These words “all my reasons” reminds me of the final scene in the film “A Beautiful Mind” when John Nash, (played by Russell Crowe) during the Nobel Prize ceremony, says this to his wife: “I’ve always believed in numbers and that equations and logics lead to reason and after a lifetime of such pursuits, I ask what truly is logic, who decides reason. My question has taken me through the physical, the metaphysical, the delusional and back and I have made the most important discovery of my career, the most important discovery of my life. It is only in the mysterious equations of love that any logical reasons can be found. I am only here because of you. You are the reason I am. You are all my reasons.”

This wasn’t planned – strange how this blog has ended with John Nash. It reminds me of the Nash Equilibrium and Game Theory. So I also need to remember that my life needs to be:

A non-zero sum game.

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6 Comments

  1. Sonny June 12, 2012 at 12:55 pm #

    Jeez…you were a terrible person !…never gave your seat to anybody…..helped an old lady cross the road, held dirty hands…?…moi ? I was born an angel…

    As sentimental as I am…I am also a hugely practical person…I don’t really see it as a flaw…keeping your summit in mind, meant you understood time and utilised it in a sensible fashion, nothing wrong with that…but yes…when we use somebody, we always know that deep inside and photography is nothing, if not an honest reflection of our heart and soul.

    You need to read a book called “The history of love” by Nicole Krauss…my favorite lines from it…

    “Herman slipped his hand into mine, and I thought, An average of seventy-four species become extinct every day, which was one good reason but not the only one to hold someone’s hand,

    and

    “So many words get lost. They leave the mouth and lose their courage, wandering aimlessly until they are swept into the gutter like dead leaves. On rainy days, you can hear their chorus rushing past: IwasabeautifulgirlPleasedon’tgoItoobelievemybodyismadeofglass-I’veneverlovedanyoneIthinkofmyselfasfunnyForgiveme….

    There was a time when it wasn’t uncommon to use a piece of string to guide words that otherwise might falter on the way to their destinations. Shy people carried a little bunch of string in their pockets, but people considered loudmouths had no less need for it, since those used to being overheard by everyone were often at a loss for how to make themselves heard by someone. The physical distance between two people using a string was often small; sometimes the smaller the distance, the greater the need for the string.

    The practice of attaching cups to the ends of string came much later. Some say it is related to the irrepressible urge to press shells to our ears, to hear the still-surviving echo of the world’s first expression. Others say it was started by a man who held the end of a string that was unraveled across the ocean by a girl who left for America.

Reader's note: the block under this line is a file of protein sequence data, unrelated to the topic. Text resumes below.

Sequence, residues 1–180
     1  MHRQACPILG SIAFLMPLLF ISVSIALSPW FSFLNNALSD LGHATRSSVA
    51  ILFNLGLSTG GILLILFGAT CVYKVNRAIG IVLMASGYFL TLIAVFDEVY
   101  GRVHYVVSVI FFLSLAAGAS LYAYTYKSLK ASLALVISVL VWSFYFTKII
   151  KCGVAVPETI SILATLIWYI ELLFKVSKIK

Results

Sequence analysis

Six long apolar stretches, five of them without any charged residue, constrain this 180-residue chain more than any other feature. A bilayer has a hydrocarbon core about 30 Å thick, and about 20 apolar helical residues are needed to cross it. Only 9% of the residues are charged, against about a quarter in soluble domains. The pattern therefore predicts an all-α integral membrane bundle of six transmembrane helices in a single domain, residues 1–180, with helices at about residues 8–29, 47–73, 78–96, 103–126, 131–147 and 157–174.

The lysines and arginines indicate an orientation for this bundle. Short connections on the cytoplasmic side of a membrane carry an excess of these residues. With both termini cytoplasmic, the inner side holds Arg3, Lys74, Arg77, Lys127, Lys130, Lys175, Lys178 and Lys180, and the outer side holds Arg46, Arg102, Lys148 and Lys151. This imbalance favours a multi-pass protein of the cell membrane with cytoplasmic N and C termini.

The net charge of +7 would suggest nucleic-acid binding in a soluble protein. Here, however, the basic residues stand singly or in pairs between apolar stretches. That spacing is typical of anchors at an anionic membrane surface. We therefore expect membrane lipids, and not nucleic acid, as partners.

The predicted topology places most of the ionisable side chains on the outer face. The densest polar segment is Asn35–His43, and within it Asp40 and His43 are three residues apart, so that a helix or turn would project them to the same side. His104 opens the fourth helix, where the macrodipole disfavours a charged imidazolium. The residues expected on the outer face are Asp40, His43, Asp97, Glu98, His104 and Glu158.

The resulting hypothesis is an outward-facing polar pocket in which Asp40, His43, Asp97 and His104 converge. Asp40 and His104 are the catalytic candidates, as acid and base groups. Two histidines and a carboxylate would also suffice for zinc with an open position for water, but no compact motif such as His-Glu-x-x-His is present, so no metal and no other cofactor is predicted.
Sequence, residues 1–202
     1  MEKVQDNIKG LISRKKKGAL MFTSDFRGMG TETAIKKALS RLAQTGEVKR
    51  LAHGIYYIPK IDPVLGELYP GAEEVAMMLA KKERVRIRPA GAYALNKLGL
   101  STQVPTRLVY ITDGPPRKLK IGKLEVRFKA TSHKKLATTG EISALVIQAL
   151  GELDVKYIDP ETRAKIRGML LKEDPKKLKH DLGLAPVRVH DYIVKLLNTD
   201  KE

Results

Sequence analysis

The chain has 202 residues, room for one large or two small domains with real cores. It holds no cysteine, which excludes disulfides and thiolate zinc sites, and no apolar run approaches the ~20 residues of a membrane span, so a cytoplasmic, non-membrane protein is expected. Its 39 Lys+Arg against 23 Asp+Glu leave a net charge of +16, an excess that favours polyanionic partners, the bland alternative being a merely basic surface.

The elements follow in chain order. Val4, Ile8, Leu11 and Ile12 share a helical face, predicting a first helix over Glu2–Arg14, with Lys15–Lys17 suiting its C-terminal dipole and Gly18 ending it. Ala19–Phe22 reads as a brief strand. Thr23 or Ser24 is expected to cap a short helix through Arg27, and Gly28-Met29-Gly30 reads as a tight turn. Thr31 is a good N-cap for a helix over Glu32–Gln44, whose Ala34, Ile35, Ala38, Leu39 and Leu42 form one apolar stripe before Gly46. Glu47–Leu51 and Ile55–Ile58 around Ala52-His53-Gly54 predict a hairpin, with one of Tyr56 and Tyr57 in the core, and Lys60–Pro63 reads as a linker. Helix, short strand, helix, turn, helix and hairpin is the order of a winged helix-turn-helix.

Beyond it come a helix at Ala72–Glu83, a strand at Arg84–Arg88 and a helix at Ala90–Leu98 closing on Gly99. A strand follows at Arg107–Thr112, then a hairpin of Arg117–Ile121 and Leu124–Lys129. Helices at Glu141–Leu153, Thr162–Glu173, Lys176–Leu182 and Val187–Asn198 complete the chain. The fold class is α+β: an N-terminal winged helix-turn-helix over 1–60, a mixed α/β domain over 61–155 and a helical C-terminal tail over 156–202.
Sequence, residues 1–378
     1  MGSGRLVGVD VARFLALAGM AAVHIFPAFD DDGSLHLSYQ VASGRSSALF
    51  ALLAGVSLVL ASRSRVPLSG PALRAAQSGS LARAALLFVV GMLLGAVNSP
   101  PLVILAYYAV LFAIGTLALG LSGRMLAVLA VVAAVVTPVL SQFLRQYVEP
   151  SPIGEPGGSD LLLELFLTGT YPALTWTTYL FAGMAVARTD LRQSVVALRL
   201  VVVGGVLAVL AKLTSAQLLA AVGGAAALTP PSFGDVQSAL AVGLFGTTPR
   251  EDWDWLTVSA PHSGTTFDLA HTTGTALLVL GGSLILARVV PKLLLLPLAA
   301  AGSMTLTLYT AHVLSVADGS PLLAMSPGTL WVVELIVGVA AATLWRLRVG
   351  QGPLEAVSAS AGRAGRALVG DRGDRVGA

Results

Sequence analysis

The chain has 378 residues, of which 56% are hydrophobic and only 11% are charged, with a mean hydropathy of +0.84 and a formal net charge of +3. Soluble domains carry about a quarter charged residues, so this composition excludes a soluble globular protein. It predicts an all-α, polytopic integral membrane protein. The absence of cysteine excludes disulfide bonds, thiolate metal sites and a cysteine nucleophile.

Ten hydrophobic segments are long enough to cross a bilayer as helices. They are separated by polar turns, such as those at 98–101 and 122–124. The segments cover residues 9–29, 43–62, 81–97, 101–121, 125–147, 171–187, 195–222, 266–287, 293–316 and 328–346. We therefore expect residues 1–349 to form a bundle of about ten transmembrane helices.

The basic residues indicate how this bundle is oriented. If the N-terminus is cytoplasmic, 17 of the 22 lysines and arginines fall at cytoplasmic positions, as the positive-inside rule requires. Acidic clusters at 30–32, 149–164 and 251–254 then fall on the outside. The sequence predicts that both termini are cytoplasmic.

When the world grew bigger, and there wasn’t enough string to keep the things people wanted to say from disappearing into the vastness, the telephone was invented.

    Sometimes no length of string is long enough to say the thing that needs to be said. In such cases all the string can do, in whatever its form, is conduct a person’s silence.

  2. Sanjay June 12, 2012 at 4:28 pm #

    What pictures Debesh. You have some eye for details. Congratulations and keep going.
    Sanjay

  3. Anna June 12, 2012 at 4:35 pm #

    Perfectly well written – even the paragraphs are fluent and representative of your brilliant mind. Seems as you are honest with yourself – as people need to do to be able to write from their inner cores. I hope you will listen to your inner man in the future – as only from there we know the right answer! Best of luck in your writing.

  4. Anu June 13, 2012 at 5:34 am #

    In this crazy world of today, where many of us, me included, are engrossed in ourselves and running the rat race…reading this blog makes me stop and think, the many things I have taken for granted in my life. Thank you for reminding me all that and more!
    I am envious of both the men…they seem so happy and content with themselves and life in general…and you have done a fantastic job of capturing those expressions in your pics.

  5. Debesh June 16, 2012 at 12:42 pm #

    Thank you so much Sonika; the words that you have used are beautiful and mean a lot to me. I have read “The History of Love” and it happens to be among the books I call “favorites”; of course, as the days go by, that list gets longer…

    @Sanjay and Anna: Thank you so much for being so gracious. I appreciate your comments.

    @Anu: I’m happy that my writing made you pause and reflect – we all need to do that audit of our personal balance sheet every once in a while. Thank you for reading, and also for commenting. I appreciate your time.

  6. Neelam November 2, 2013 at 12:49 am #

    Such depth in your feelings and such zest for making your life richer and such courage to feel, know, and critique thyself……is beautiful…I do hope to meet you some day